How to Leverage Your Position in Commodities

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The commodities markets are reserved for few brave traders, who usually are market veterans. When someone thinks of trading, pork bellies, dairy, or raw sugar is probably last on the list of tradable goods. But there is plenty of money to be made in commodities, and they offer nice portfolio leverage.

Commodities by definition are anything that can be traded. In finance, commodities are any raw good that can be bought and sold on the open market. Gold tends to be the market’s favorite type of commodities, due to its constant supply and the liquidity in the gold market.

Three golden markets

Gold can be purchased in three different ways. First is the physical possession, or the purchase of gold coins or bars for an investment. This is the most illiquid and most expensive way to buy gold. Coin stores and gold vendors will often tack on a hefty charge to cover the market fluctuations of gold.

The second way to purchase gold is through the markets, either in futures or spot commodity prices. This market has the advantage of lower spreads for gold and the ability to buy and sell as needed. Unfortunately, the futures markets are very exclusive and require high minimum investments for most people. The leverage in futures makes this a great investment solution, but should only be considered by professionals. The futures market is no place for inexperienced or part-time investors. It is easy to get caught up in the shock and awe of 100:1 leverage.

The third way, which is the best for long-term investment, occurs in the form of gold mining or refining corporations. Purchasing stock in a company brings the investor ownership, which includes some value to back up the metal that is being mined. In times of high gold prices, the mining companies fly through the roof. In times of low gold prices, gold companies are likely to lose value, but will still retain ownership of the mines. The cold hard assets of a corporation easily trump the high spreads in physical gold and the volatility of leveraged futures.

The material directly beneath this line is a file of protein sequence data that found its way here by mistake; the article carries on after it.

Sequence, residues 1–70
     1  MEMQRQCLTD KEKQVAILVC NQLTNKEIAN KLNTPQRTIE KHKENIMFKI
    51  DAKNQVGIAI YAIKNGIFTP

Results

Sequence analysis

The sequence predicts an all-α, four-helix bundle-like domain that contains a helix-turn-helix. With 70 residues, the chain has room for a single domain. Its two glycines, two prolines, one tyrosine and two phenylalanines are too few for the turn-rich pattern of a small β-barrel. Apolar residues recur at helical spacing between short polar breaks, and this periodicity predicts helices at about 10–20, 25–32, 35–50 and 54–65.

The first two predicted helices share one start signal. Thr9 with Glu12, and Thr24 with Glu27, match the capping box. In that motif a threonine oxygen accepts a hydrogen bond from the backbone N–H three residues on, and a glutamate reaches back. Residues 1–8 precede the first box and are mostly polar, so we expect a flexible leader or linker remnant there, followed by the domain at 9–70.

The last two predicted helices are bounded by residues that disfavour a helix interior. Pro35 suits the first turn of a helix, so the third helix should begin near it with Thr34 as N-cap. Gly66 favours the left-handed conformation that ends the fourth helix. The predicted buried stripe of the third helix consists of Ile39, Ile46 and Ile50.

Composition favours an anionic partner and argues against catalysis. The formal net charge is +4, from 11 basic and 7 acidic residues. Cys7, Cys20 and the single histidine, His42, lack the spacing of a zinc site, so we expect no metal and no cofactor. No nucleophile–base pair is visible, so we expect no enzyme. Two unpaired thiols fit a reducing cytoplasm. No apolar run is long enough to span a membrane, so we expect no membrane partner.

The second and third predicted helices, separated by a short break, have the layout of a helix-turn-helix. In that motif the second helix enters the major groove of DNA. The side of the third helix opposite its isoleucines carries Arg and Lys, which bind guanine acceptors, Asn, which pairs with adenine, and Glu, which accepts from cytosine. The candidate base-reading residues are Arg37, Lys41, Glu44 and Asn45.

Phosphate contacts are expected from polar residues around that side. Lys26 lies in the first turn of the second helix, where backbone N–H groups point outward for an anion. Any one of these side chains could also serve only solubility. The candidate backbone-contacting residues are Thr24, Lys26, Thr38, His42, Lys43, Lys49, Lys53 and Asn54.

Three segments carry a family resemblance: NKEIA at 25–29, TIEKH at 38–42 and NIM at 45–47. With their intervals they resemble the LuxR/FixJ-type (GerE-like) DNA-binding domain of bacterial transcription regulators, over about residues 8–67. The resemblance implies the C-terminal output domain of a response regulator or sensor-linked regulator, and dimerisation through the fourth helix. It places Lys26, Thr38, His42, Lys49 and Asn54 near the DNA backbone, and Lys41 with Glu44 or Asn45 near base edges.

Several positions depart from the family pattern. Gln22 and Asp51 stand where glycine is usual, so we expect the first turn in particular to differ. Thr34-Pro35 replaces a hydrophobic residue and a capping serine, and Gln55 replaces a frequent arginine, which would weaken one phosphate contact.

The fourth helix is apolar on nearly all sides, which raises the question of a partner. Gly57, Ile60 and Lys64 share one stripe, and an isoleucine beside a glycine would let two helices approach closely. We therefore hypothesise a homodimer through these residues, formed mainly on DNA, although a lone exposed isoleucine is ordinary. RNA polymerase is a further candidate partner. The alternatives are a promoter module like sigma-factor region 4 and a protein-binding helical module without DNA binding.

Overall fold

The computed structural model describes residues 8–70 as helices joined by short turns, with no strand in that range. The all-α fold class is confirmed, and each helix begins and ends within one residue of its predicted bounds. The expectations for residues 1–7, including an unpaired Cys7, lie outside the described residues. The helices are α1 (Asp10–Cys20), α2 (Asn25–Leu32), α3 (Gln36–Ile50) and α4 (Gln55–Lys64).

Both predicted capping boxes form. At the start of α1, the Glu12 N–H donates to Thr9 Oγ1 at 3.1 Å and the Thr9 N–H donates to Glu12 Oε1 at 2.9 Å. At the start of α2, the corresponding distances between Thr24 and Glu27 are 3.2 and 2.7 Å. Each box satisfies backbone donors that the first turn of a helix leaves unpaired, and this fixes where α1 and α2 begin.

How it works

Buying stock in gold related companies does afford the ability to leverage your investment. While futures offer direct leverage, the stock markets allow you to buy companies that will disproportionately benefit from high gold prices. Take for example ABC Gold. Consider for the sake of this discussion that gold is worth $750 per ounce.

A golden example

ABC gold currently operates gold mines that cost $500 to produce one ounce of gold. ABC gold also owns mines that can produce gold, but the efforts are only cost-effective only if gold prices are above $800 per ounce. ABC gold produces 100 ounces per year at $500, generating a profit of $25,000. When gold prices move to $1000 per ounce, ABC gold produces 200 ounces of gold, 100 ounces from each mine, earning the company $45,000. As you can see from the oversimplified example, ABC Gold’s income nearly doubles while the price of gold moves up only 33%. In this sense, by investing in ABC Gold rather than actual gold, the investor stands to leverage his or her investment and make a greater return.

Another benefit to investing in corporations rather than metals is that metals do not pay dividends. Futures accounts will actually drain money from the leveraging. By investing in real companies, you will receive a dividend check for your ownership, along with having a net positive exposure to gold.

The best way to invest in commodities is indirectly. Mining corporations have the advantage in leverage, cost, and the dividends paid for ownership. While physical gold is always the best insurance against economic turmoil, your money is safe in the ownership of mining companies.

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